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Lost Friends / Family Lost friends from the Accrington area? Maybe someone here can help?


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Old 10-05-2013, 23:17   #31
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Re: Huncoat Colliery

I'm Bob Bannister's nephew. I can confirm that my uncle Bob did work in the mines. He was called up as a "Bevin Boy". I'm not sure what year.

My Grandad, Dad and Uncle Bob all worked for the family business as window cleaners after the war. My dad left the business, setting up on his own. Bob and my Grandad carried on the window cleaning business until Grandads death in 1973. Bob then carried on until he retired around 1980. He then moved to Middleton, next door to Heysham, where he lived until his death in 2008.

During his wrestling career he was known as Robert Retsinab from Hungary. The reason this came about was when a promoter had forgotten his "ring name" and at the last minute turned his real name around. This stuck with him throughout his wrestling career
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Old 11-05-2013, 05:48   #32
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Re: Huncoat Colliery

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Originally Posted by keep the faith View Post
I'm Bob Bannister's nephew. I can confirm that my uncle Bob did work in the mines. He was called up as a "Bevin Boy". I'm not sure what year.

My Grandad, Dad and Uncle Bob all worked for the family business as window cleaners after the war. My dad left the business, setting up on his own. Bob and my Grandad carried on the window cleaning business until Grandads death in 1973. Bob then carried on until he retired around 1980. He then moved to Middleton, next door to Heysham, where he lived until his death in 2008.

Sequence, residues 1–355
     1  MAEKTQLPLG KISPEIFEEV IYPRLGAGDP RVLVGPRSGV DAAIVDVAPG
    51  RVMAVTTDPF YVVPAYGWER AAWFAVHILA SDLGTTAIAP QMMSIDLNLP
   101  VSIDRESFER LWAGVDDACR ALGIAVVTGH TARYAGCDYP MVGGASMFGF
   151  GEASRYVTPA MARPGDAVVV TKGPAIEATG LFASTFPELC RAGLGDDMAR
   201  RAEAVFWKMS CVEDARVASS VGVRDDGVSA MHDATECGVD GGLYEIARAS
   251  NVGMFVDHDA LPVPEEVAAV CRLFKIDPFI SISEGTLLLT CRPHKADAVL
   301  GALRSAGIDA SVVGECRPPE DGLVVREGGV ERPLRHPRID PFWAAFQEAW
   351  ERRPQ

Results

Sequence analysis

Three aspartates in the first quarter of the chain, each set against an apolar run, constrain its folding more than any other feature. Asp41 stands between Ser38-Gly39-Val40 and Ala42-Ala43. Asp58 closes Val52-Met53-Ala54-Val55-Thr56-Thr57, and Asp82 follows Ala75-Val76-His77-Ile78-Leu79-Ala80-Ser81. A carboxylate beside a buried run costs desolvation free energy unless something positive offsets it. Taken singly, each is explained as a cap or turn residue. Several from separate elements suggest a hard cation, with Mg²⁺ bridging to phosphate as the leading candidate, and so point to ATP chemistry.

During his wrestling career he was known as Robert Retsinab from Hungary. The reason this came about was when a promoter had forgotten his "ring name" and at the last minute turned his real name around. This stuck with him throughout his wrestling career
Thanks very much for the info, You should be very proud of Bob and your Grandad. I dont think I remember your dad on the Windows but I am sure you were proud of him anyway, but I do remember your Grandad and Bob very well. Bob was a Bevin boy therefore he worked in the mines through the war years. I remember Your grandad always carried a small triangle shaped ladder as he did the downstairs windows but Bob carried the long extension ladder on one shoulder the bucket etc in the other hand and walked as if he was on Parade all the time. A big strong man. All us kids, Me our Brian, Malcolm Taylor, Tony Boardman all wanted to be like him when we grew up. A fine man and a gentleman. In fact he was one of my hero,s when I was a kid.
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Old 21-05-2013, 14:56   #33
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Re: Huncoat Colliery

My brother-in-law Steve Clough worked Hapton Valley around about that time.
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Old 24-05-2013, 19:07   #34
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Re: Huncoat Colliery

That's a wonderful tribute Mog, I know from lots of other people that my Uncle Bob was highly respected throughout the town. Thanks.
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Old 24-05-2013, 19:21   #35
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Re: Huncoat Colliery

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That's a wonderful tribute Mog, I know from lots of other people that my Uncle Bob was highly respected throughout the town. Thanks.
Mog was up last weekend, Tell him yerself next time he ventures north. he popped in Railway fer n hour sat dinner.
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Old 02-08-2014, 07:59   #36
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Re: Huncoat Colliery

I worked at Huncoat Colliery from 1956 to 1964 prior to that I had been at Hoddlesden Colliery. I have a photo of me and David Sidebottom coming out of the pit about 1958.
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Old 02-08-2014, 18:55   #37
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Re: Huncoat Colliery